Building an Eleventy Boilerplate, Part 1

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Approx. reading time: 11 min (3166 words)

Eleventy is a static site generator with a fantastic ability to use templates and data files of multiple formats. In this series of posts, I will build out a new boilerplate that will make development easier. Most tutorials will show just the primary usage of Eleventy and not elaborate on more advanced scenarios. This series will help demystify some of the more advanced topics you will need to know when using Eleventy.

In this series, I am assuming that you are familiar with both Git and Node/NPM. If you are not, then this series may be a little bit difficult to follow. If you want to check out the boilder plate in it’s current state, then visit Eleventy Core on Gitlab.

Starting the new boilerplate

I use Gitlab primarily, and I am a bit lazy. Generally, I will create a new repository on Gitlab with a readme and then clone the repository locally. The readme is generally just an empty file with the project name as the header. I then added an MIT License file because I am releasing this code to the public and needing a valid license for people who want to use it. Once we clone the repository locally, we are ready for the next steps.

The next step is to initialize an npm project where the project directory. Node will allow us to use many tools in the build and speed up development times. Do a commit, and we have finished the first part of this tutorial.

Installing Initial Dependencies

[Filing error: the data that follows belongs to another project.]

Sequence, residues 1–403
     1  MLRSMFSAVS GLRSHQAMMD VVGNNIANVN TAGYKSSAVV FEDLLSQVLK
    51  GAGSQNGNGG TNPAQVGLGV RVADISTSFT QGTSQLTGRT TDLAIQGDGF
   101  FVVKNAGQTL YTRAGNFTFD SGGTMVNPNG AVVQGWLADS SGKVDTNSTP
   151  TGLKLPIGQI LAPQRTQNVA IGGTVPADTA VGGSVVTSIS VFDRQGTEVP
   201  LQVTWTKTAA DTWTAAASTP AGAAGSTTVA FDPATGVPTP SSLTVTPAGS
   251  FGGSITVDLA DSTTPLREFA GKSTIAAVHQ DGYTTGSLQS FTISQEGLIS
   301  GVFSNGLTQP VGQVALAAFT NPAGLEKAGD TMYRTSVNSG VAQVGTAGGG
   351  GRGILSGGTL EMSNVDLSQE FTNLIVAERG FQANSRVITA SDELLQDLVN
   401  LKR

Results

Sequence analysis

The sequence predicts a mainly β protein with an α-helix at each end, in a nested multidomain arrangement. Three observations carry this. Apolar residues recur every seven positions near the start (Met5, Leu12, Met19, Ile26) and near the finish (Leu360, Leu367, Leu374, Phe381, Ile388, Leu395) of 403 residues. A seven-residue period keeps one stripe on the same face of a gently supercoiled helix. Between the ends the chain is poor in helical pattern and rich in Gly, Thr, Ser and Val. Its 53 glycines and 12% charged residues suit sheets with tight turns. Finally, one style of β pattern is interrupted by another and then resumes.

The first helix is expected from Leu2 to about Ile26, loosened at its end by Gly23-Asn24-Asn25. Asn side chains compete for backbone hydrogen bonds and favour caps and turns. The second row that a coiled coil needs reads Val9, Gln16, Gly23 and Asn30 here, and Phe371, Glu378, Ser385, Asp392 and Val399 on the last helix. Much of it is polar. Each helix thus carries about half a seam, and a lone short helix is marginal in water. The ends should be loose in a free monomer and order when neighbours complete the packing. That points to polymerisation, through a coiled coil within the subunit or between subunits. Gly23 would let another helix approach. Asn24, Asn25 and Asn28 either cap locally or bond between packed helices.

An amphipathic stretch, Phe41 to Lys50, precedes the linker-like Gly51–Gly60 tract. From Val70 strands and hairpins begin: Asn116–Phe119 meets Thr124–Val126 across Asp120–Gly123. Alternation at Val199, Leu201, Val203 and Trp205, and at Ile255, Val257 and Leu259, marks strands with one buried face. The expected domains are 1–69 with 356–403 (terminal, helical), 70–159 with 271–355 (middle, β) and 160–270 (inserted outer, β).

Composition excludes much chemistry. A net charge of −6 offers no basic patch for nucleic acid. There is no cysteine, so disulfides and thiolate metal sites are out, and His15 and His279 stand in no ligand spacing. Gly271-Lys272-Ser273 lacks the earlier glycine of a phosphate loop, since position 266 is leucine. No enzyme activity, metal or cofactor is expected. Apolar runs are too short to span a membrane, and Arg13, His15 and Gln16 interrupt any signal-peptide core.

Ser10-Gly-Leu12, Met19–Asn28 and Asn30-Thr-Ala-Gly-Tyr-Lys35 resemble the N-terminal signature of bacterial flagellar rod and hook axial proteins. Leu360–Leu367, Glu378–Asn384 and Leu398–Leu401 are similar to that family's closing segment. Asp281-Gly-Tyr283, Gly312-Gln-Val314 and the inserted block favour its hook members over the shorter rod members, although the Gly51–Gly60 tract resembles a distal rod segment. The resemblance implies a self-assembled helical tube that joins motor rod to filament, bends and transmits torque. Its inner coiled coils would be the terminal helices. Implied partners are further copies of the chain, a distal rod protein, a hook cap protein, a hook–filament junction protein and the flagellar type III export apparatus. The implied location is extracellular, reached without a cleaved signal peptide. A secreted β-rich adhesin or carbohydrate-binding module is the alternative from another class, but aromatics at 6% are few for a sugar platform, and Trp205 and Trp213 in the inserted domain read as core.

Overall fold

The first thing that we need to do is to install Eleventy. I install it through a development dependency because it keeps my command line clean of commands that I don’t always use.

npm install @11ty/eleventy --save-dev

Once installed, I then need another library named dotenv. Dotenv allows me to fake environment variables locally so that I don’t need to make any code changes to switch between Development, Test, or Production.

npm install dotenv --save-dev

Ignoring dependency files

The next thing that I will need to do is create two (2) new files. One is .gitignore and the second .eleventyignore. These files are necessary to control which files get processed during the build. Both files should have a single line added:


After we edit the file, we can make another commit. Small quick commits like this will make your life more comfortable in the future; I will keep reminding you when you should do a commit. But generally, a commit is made after we add a single feature.

Eleventy Configuration

Next, we need to start configuring eleventy. Eleventy uses a dotfile for its configuration, and it is named .eleventy.js. There is a discussion about changing this, but nothing has been made certain. First, we need to enable dotenv to read in our environment variables the second we start the build. Later we will set the environment variable for the build, but we just have to know that we will store it in the NODE_ENV variable. First, we need to check if the current environment is the development environment, and if it is, we will then load the dotenv configuration. The following code goes at the top of the .eleventy.js file:

if (process.env.NODE_ENV === 'development') {

Now the development environment will be just like the test and production environment. We will have far less code to maintain. Next up is to configure the Eleventy static site generator. We do the configuration by exporting a module. The module can return either an object with the configuration keys set or return a function that will return an object with the configuration keys set.